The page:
Egypt may step in to buy Iranian oil

Wall Street Journal reports that Tehran deal with Cairo could help make up for 900,000-barrel-a-day loss from sanctions

Illustrative photo of a tanker carrying crude oil (Shay Levy/Flash90)
Illustrative photo of a tanker carrying crude oil (Shay Levy/Flash90)

Iran and Egypt are in preliminary talks to complete an oil deal, the Wall Street Journal reported Monday.

Iran would like to sell Egypt crude that is sitting in the port of Sidi Kerir in Egypt and can’t move due to international sanctions. The report said officials in both countries have attested to the potential deal.

“Between Iran and Egypt, there is some discussion. There is the idea they [will] import some oil from Iran,” the report quoted an official in Tehran as saying.

Egyptian President Mohammed Morsi visited Iran last month for a meeting of the Non-Aligned Movement and met with President Mahmoud Ahmadinejad.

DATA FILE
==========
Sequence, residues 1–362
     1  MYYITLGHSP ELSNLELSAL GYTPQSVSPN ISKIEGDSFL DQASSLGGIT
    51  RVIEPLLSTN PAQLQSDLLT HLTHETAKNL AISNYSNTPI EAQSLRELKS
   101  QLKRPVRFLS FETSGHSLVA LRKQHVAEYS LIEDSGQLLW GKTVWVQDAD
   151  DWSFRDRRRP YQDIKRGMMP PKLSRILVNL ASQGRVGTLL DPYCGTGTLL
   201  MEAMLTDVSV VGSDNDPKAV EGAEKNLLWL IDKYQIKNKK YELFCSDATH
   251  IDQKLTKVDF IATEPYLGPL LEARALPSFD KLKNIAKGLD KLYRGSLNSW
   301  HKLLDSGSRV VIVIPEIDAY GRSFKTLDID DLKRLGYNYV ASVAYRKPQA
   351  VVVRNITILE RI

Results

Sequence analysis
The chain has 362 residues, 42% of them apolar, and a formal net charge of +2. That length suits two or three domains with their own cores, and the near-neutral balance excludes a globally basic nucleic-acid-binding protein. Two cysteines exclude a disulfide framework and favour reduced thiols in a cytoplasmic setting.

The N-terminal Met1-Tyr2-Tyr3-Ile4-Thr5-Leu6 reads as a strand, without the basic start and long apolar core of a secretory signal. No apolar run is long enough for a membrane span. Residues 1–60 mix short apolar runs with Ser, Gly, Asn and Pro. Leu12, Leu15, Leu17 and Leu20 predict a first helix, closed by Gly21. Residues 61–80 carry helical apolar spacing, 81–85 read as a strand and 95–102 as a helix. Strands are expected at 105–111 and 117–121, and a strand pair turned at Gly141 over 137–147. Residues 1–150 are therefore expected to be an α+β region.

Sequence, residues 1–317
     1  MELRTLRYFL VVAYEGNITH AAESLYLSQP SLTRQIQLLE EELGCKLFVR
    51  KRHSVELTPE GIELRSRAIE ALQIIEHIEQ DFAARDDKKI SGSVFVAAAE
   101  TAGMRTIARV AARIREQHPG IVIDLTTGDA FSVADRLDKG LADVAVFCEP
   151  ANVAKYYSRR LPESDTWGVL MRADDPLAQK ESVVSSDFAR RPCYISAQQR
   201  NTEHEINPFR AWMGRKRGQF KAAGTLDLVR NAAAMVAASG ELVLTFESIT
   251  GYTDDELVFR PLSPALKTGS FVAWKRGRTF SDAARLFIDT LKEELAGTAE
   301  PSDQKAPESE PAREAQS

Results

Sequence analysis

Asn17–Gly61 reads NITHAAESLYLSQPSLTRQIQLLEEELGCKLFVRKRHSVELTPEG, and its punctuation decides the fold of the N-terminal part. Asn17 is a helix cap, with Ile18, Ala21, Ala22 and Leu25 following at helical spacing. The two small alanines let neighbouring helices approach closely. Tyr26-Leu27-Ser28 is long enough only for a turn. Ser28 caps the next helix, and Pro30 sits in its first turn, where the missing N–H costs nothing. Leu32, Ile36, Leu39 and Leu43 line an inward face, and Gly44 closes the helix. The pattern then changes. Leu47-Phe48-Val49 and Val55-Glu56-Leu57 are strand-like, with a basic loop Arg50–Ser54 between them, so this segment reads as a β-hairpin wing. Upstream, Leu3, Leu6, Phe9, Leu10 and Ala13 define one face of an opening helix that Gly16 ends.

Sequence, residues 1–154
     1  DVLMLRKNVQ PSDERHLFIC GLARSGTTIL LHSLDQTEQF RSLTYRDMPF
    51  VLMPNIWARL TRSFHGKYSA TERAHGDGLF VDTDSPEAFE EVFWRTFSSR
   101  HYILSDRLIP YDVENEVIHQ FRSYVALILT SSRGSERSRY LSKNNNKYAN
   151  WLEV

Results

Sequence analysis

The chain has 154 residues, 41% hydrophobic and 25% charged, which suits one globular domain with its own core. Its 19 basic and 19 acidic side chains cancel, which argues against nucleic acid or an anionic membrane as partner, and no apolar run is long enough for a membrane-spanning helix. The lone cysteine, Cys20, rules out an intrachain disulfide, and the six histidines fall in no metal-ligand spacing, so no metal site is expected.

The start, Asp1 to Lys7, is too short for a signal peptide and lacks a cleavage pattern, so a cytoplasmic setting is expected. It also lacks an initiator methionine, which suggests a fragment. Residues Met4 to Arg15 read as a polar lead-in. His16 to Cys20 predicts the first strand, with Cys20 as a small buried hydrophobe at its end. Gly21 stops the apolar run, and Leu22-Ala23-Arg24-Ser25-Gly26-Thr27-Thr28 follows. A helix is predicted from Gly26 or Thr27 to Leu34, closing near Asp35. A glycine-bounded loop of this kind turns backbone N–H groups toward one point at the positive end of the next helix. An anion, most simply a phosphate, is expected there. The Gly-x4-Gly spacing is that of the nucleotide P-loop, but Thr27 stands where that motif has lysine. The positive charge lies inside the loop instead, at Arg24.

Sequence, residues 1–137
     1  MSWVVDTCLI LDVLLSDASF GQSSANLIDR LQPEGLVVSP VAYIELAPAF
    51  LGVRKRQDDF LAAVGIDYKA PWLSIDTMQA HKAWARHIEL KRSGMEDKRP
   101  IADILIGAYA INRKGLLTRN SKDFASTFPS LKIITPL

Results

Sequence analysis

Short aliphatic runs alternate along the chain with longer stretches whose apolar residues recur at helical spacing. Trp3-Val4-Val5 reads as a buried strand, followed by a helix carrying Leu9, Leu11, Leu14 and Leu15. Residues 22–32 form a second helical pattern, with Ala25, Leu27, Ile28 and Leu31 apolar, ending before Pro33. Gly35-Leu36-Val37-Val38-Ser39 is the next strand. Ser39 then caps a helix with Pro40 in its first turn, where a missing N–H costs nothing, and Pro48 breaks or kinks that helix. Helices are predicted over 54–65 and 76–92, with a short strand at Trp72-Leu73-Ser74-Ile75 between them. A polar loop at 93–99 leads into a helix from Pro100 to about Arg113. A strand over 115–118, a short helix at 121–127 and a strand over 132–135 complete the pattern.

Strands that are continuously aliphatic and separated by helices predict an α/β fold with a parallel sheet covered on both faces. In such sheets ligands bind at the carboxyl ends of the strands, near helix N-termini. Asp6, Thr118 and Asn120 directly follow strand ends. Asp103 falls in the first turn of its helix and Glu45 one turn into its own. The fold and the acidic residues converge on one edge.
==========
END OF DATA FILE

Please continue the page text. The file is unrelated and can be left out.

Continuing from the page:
Both the United States and the European Union have placed Iranian oil under sanctions in an attempt to cripple the country’s economy and convince it to abandon its nuclear program.

Iran has lost approximately 900,000 barrels a day in sales due to sanctions and Egypt only uses 709,000 barrels a day, the report said. If the two countries reach an oil deal it won’t make up for Iran’s loss, but will help the Islamic Republic recapture some of its lost sales.

Iran has attempted to skirt the sanctions by masking its ships to look as if they are from other countries by reflagging them, and still maintains economic ties with a number of Asian countries, including India and South Korea.

Cairo and Tehran shared frosty relations between 1979 and 2011, but analysts have seen signs of a thaw between the two since Islamist Morsi became president of Egypt.

Morsi has denied his country is moving closer to Iran.

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